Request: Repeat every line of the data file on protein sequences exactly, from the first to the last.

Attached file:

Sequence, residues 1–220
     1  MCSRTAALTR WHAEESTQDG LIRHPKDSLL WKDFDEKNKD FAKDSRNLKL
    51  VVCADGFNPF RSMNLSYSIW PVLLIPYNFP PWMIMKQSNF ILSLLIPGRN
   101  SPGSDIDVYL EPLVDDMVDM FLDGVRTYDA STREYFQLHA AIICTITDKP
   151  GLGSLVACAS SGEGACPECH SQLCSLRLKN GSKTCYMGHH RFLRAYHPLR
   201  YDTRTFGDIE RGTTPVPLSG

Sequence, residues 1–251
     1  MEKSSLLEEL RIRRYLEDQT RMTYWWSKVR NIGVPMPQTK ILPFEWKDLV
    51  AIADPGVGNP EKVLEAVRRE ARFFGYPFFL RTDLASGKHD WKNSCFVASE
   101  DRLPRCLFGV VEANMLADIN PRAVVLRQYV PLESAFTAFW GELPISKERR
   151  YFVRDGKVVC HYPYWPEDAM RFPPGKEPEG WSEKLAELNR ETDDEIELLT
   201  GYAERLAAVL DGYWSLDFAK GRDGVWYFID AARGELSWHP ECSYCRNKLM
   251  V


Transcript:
Sequence, residues 1–220
     1  MCSRTAALTR WHAEESTQDG LIRHPKDSLL WKDFDEKNKD FAKDSRNLKL
    51  VVCADGFNPF RSMNLSYSIW PVLLIPYNFP PWMIMKQSNF ILSLLIPGRN
   101  SPGSDIDVYL EPLVDDMVDM FLDGVRTYDA STREYFQLHA AIICTITDKP
   151  GLGSLVACAS SGEGACPECH SQLCSLRLKN GSKTCYMGHH RFLRAYHPLR
   201  YDTRTFGDIE RGTTPVPLSG

Sequence, residues 1–251
     1  MEKSSLLEEL RIRRYLEDQT RMTYWWSKVR NIGVPMPQTK ILPFEWKDLV
    51  AIADPGVGNP EKVLEAVRRE ARFFGYPFFL RTDLASGKHD WKNSCFVASE
   101  DRLPRCLFGV VEANMLADIN PRAVVLRQYV PLESAFTAFW GELPISKERR
   151  YFVRDGKVVC HYPYWPEDAM RFPPGKEPEG WSEKLAELNR ETDDEIELLT
   201  GYAERLAAVL DGYWSLDFAK GRDGVWYFID AARGELSWHP ECSYCRNKLM
   251  V